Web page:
Friday, February 20, 2009

Copyright in Databases

I'm going to have more to say about data, databases, and intellectual property rights in the coming months. This longish post provides a basic primer on how U.S. copyright law applies to databases.

A. Copyright

Copyright attaches to an original work of authorship that has been embodied in a fixed form. The “work” to which copyright attaches can be the structure of the database or a relatively small part of a database, including an individual data element, such as a photograph. It is therefore possible for a database to contain multiple overlapping copyrighted works or elements. To the extent that a database owner has a copyright, or multiple copyrights, in elements of a database, the rights apply only to those copyrighted elements. The rights are to reproduce, publicly distribute or communicate, publicly display, publicly perform, and prepare adaptations or derivative works.

1. Standards for obtaining copyright

a. Originality

Copyright protects only an author’s “original” expression, which means expression independently created by the author that reflects a minimal spark of creativity. A database owner may have a copyright in the database structure or in the user interface with the database, whether that be a report form or an electronic display of field names associated with data. The key is whether the judgments made by the person(s) selecting and arranging the data require the exercise of sufficient discretion to make the selection or arrangement “original.” In Feist Publications, Inc. v. Rural Telephone Service Company, the United States Supreme Court held that a white pages telephone directory could not be copyrighted. The data—the telephone numbers and addresses—were “facts” which were not original because they had no “author.” Also, the selection and arrangement of the facts did not meet the originality requirement because the decision to order the entries alphabetically by name did not reflect the “minimal spark” of creativity needed.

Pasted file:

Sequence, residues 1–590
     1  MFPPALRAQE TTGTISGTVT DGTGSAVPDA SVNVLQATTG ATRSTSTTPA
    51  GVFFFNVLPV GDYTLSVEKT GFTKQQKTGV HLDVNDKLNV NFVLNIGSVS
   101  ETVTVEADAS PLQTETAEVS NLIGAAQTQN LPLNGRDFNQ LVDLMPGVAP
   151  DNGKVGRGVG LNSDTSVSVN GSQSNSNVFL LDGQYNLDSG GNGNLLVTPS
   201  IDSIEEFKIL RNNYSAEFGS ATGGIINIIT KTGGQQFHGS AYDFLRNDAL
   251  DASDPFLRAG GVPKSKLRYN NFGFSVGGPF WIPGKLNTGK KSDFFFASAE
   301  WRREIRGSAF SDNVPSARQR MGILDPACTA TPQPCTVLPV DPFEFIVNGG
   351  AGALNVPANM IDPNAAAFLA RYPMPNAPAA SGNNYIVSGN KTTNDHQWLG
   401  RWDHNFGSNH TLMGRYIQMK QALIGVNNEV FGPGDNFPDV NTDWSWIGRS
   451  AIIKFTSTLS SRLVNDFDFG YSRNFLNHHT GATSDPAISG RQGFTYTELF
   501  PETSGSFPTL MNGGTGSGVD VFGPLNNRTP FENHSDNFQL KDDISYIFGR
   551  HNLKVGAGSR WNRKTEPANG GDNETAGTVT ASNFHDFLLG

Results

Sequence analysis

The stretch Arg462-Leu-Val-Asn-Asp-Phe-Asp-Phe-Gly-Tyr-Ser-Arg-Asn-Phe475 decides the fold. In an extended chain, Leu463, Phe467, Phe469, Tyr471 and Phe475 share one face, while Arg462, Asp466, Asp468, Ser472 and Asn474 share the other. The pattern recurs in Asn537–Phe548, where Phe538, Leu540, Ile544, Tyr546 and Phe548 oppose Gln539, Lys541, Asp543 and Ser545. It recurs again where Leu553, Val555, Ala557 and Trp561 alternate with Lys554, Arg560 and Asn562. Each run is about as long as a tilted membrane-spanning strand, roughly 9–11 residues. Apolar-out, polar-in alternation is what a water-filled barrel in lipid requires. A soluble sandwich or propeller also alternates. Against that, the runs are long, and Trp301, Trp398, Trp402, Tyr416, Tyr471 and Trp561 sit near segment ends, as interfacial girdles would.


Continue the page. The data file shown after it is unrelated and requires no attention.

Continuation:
As a practical matter, this originality standard prevents copyright from applying to complete databases – i.e. those that list all instances of a particular phenomenon – that are arranged in an unoriginal manner, such as alphabetically or by numeric value. However, courts have held that incomplete databases that reflect original selection and arrangement of data, such as a guide to the “best” restaurants in a city, are copyrightable in their selection and arrangement. Such a copyright would prohibit another from copying and posting such a guide on the Internet without permission. However, because the copyright would be limited to that particular selection and arrangement of restaurants, a user could use such a database as a reference for creating a different selection and arrangement of restaurants without violating the copyright owner’s copyright.